The University of Colorado was no longer an “it” school; it had been relegated to just another university with an extremely troubled athletic department. During the whole fiasco, CU president Betsy Hoffman lost her job, as did athletic director Dick Tharp. Head coach Gary Barnett survived longer while thumping his “boys will be boys” attitude all the way to a disgraceful 70-3 loss in the 2005 Big 12 championship game. He was finally shown the door, leading to the Hawkins era.
So Hawkins may not exactly have big shoes to fill, but he certainly has a huge hole to dig out of. Going 2-10 in his first season hasn’t helped things.
“I’m not a guy that’s into comfort and luxury,” says Hawkins, who left a comfortable spot at Boise State after compiling a 55-21 record there. “For me, coming to Colorado, I knew there was going to be issues; I knew there was going to be trauma to overcome. The University of Colorado has tremendous potential in many areas.”
Admittedly, it could take some time to reach.
“You’re dealing with a timetable of 2 to 2.5 years,” Hawkins says of rebuilding. “Coach Hawk is not going to go out and throw magic dust and it’s going to fix itself in six months.”
That doesn’t mean he is patient; far from it actually. Hawkins expects a bowl game this year, a feat most prognosticators doubt and would likely make him a conference coach of the year favorite.
He expects CU to compete on the level it used to, when the Buffs ran a respected program and fought for Big 8 and national titles every year.
And whether the academic types want to admit or accept it, large public universities often get the same reputation as their football program.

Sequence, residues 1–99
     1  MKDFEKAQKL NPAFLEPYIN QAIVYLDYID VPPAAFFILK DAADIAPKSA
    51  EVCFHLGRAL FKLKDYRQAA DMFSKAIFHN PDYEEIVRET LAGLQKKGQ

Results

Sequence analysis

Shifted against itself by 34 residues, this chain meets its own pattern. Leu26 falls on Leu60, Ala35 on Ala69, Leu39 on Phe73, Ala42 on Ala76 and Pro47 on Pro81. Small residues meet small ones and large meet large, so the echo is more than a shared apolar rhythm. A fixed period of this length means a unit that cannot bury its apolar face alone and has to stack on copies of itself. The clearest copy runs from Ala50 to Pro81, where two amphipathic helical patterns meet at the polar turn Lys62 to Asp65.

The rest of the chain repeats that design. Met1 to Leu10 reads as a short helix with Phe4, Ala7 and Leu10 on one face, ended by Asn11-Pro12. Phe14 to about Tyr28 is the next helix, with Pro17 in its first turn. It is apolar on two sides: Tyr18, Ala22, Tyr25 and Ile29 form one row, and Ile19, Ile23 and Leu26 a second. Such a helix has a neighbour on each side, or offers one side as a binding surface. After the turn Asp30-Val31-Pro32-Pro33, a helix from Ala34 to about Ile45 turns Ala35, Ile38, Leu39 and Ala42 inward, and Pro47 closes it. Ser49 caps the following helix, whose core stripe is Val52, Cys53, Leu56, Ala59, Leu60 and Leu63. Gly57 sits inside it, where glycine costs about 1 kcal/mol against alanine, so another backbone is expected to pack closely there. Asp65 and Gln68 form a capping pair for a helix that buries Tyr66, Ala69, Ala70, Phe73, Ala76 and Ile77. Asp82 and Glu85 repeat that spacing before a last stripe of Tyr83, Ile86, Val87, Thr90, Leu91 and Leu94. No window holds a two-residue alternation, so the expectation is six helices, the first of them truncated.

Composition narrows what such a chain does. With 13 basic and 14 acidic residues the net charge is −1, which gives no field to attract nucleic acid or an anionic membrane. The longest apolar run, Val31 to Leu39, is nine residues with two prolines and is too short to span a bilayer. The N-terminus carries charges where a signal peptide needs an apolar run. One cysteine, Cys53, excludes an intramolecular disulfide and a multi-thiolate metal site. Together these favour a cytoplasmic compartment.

CU used to be considered a premier university, and it’d be silly to think legendary football coach Bill McCartney had nothing to do with it, although all those astronauts hailing from Boulder certainly didn’t hurt, either.
“It’s not the most important thing (in judging a university), but it’s a big piece,” says CU athletic director Mike Bohn.
That being said, Bohn is more impressed with Hawkins today than he was when he hired him a little more than a year ago.
“(Hawkins) embraces this challenge with a level of passion that is engaging, with a level that is contagious,” Bohn says. “Despite the record (last year), we have three games on national TV, and our capitol projects are almost complete.”
Bohn says he’s hasn’t given Hawkins a timetable to start winning so long as everything seems to progress positively. Hawkins realizes that may not be the case if his teams keep losing.
“We all know at the end of the day, it’s big boy football, and we have to put something on paper,” Hawkins says.
But most of the signs—except the actual wins—point up. Season ticket sales are up to almost 22,000, donations have spiked, a new indoor practice bubble is almost complete, and there have been multiple projects finished this year in the Dal Ward Athletic Center.
Hawkins has also brought a reputation of being a disciplinarian, which has helped give the team much-needed credibility in the wake of scandal. Numerous players have had to sit out of action for violations that used to garner little more than a tongue lashing.
His staff showcases this attitude at the end of their first full-padded practice. While most players were enjoying Popsicles courtesy of a few young fans, two were off to the side, on their side, rolling down the length of the sideline.
The whole time, repeating, “I’ll never do that again.”
Meanwhile, the likeable Hawkins was hamming it up with a handful of reporters, like he always does, sucking down a frozen treat of his own. But a few minutes later, he tightens up a bit as the camera bulbs start flashing—photo shoots aren’t his favorite.
He still offers a little comic relief when we’re forced to scale a locked fence to gain access to Folsom Field.
“Maybe if I win a few games they’ll give me the keys,” he says.
Beat CSU, Florida State and Nebraska, and Boulder will give Hawk a lot more than just the keys to the stadium.